marcin piczkowski
Jul 26 · 3 min read
Photo by Omer Rana on Unsplash

Originally published at dev.to

When working on real production system recently I asked myself a question:

Should REST API be constrained by the current architecture choices?

To illustrate the problem I invented an example.
Let’s imagine a system which is used for renting cars. The business is sort of Airbnb for “car rental”. Small companies which rent cars can register their spot in the system to access wider range of potential customers. The system allows them to manage their cars but not any other rental spot cars.

Let’s imagine we’re a startup and build the system. We start small and use relational database to store all cars in a single table. Each car is identified by unique ID in this table.
We want to export a RESTful API for our system.

Among others, we would need APIs to browse all cars in a spot and get single car details.

The API for listing all cars in a spot could look like:

GET /spots/{spotId}/cars

It would return a list of cars from which we could get IDs of the cars.

The API for getting a car by ID could look like:

GET /spots/{spotId}/cars/{carId}

or

GET /cars/{carId}

Since we want to be aligned with good practices of API design, we’ve decided to go with the longer path, because the cars are resources which cannot exist alone and always belong to a given spot. The path /spots/{spotId}/cars clearly explains the relationship.

However, the spotId in the path is redundant.
Since we have all the cars in single table and we know the car ID, because we got it from the /spots/{spotId}/cars endpoint, the only variable we really need is the carId.
Of course, in our relational database we will have relation from car to a spot and we could add the spotId in out query, but it's not crucial.

E.g. we could have a query like:

select c.* from cars c inner join spots s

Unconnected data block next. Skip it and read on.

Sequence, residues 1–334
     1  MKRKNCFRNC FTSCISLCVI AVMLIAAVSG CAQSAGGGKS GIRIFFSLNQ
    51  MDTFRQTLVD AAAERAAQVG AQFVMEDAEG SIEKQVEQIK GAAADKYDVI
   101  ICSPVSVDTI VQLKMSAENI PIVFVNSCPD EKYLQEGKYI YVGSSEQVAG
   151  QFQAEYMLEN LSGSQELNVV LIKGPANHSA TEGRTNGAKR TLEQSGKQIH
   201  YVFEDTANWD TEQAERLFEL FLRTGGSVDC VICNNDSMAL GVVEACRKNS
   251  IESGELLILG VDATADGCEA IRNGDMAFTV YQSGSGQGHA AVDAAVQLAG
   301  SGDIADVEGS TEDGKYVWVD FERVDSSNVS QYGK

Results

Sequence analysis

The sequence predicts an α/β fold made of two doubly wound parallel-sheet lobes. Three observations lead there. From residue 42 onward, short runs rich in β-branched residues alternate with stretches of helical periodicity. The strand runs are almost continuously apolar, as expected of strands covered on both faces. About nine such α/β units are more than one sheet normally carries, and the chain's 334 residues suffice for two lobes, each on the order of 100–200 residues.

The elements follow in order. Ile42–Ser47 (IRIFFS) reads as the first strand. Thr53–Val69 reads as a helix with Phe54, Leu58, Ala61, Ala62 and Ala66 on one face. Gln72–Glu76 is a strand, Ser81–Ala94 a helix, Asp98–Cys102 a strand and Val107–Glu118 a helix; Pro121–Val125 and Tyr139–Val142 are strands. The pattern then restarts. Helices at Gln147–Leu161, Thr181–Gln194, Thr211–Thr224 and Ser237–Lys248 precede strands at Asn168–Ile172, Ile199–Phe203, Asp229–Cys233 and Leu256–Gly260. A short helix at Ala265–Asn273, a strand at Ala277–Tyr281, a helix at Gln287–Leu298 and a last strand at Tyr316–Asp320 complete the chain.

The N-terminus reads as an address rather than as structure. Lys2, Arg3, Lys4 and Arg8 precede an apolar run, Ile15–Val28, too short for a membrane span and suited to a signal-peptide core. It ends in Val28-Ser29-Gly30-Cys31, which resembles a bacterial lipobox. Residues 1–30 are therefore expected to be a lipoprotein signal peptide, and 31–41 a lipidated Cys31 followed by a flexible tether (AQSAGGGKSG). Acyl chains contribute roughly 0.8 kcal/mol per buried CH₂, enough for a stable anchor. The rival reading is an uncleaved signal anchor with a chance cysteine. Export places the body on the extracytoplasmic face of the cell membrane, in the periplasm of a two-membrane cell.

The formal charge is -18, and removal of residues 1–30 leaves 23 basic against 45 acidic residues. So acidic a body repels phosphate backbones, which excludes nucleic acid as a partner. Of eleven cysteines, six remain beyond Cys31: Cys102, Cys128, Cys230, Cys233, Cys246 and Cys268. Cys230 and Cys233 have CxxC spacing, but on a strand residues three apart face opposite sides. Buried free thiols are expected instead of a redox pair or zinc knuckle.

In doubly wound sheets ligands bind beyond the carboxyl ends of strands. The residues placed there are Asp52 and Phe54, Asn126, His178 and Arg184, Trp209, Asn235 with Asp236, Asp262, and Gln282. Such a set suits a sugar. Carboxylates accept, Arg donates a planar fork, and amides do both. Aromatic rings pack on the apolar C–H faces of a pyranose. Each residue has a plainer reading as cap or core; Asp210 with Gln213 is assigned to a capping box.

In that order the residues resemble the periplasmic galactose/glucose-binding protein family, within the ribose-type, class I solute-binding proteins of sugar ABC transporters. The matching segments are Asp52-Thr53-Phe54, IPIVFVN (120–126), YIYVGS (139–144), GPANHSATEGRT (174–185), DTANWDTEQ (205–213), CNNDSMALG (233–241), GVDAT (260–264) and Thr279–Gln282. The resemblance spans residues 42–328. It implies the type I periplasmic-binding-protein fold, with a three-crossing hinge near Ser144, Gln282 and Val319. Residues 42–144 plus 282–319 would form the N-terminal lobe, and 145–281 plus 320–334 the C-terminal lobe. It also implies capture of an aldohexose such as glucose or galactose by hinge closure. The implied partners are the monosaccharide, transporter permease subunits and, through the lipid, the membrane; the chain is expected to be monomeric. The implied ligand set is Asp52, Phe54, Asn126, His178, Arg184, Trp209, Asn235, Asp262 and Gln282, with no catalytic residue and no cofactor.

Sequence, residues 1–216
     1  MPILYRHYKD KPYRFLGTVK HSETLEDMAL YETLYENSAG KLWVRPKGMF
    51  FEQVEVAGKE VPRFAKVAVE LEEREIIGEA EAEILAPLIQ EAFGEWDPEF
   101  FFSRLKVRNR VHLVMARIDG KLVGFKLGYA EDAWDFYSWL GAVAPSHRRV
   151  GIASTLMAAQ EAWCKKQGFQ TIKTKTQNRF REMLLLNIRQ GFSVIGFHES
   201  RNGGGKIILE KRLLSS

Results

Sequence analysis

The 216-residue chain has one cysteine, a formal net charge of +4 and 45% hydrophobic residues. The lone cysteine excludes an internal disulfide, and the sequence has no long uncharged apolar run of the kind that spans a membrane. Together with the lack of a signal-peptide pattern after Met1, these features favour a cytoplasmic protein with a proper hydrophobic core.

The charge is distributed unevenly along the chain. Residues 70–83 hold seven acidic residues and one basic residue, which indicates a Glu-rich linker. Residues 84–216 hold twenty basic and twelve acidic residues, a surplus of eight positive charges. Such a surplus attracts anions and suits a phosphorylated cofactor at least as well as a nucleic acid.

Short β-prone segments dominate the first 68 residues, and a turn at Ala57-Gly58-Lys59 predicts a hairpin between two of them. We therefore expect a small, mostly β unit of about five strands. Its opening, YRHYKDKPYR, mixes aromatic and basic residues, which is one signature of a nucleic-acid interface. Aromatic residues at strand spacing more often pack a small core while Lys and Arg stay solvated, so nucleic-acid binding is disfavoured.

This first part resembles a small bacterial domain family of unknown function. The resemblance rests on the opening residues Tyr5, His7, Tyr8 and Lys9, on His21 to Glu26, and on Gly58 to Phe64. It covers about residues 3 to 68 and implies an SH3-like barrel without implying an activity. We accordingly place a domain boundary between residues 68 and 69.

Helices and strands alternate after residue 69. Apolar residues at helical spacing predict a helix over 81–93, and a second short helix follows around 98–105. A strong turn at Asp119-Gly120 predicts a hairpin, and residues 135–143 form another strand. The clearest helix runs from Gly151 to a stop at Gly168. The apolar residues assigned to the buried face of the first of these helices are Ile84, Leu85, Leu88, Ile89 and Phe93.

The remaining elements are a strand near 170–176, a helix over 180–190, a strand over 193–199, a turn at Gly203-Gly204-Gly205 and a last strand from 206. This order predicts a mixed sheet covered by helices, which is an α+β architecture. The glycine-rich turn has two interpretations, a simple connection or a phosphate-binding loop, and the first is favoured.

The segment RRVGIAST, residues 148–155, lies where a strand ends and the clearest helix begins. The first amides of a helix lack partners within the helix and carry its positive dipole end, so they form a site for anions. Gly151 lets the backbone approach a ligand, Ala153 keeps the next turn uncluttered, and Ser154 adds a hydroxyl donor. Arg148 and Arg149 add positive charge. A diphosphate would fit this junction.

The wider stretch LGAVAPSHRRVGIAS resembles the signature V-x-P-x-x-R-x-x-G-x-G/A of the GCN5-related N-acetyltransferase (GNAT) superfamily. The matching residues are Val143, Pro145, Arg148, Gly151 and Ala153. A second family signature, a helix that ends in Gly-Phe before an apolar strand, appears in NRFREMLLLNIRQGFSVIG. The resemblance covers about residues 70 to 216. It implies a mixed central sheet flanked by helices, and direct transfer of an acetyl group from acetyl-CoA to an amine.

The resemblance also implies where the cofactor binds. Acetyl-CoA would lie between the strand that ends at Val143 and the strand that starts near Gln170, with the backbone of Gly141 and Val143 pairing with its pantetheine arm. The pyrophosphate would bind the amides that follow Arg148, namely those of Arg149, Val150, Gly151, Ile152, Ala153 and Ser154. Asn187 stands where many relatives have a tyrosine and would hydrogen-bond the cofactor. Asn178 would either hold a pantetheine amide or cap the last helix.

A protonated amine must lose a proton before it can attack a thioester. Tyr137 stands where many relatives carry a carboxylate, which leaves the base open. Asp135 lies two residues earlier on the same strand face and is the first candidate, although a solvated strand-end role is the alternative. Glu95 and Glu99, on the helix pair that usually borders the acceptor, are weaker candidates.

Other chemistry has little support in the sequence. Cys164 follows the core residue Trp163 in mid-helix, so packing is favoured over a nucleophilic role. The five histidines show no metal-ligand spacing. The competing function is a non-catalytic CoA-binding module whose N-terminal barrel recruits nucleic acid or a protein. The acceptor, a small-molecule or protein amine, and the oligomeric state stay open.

on s.id = c.spot_id
where s.id = :spotId and c.id = :carId

but it would get the same result as:

select * from cars 
where id = :carId

So, should we use /spots/{spotId}/cars/{carId} or /cars/{carId} as the endpoint path?

I’ve been thinking about it and both options have pros & cons. As mentioned before, the longer one sounds more appropriate from the semantics of the API perspective, but the shorter one is easier to use and implement in the current state of the backend architecture.

If we think about the evolution of our service, then we can imagine that we may want to split the cars table into separate per each spot. This may happen if the volume of data grows, or if we want to distribute database and set several instances in locations nearby to each spot (for better performance and scaling). Each car would then be unique but within the single DB instance (or instances if we consider a cluster of instances in specific location for given spot). Then we could only distinguish a car by a pair of spotId and carId and the longer API path would make more sense.

Finally, I answered to myself:
API is not still. When the architecture evolves so does API.
What currently makes sense and is simple (/cars/{id}) may not be applicable anymore in future. In future, if I need to split car storage into separate table/database for each car rental spot, the new API may look like: /spots/{spotId}/cars/{carId}. On the other hand this might never happen and as Donald Knuth used to say “Premature optimisation is the root of all evil”.

What is your answer to the problem. If you have more thoughts please share with me and other readers in comments.


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Marcin Piczkowski

About software engineering, programming, cloud technologies

marcin piczkowski

Written by

modern tech. enthusiast, father, born explorer ;)

Marcin Piczkowski

About software engineering, programming, cloud technologies

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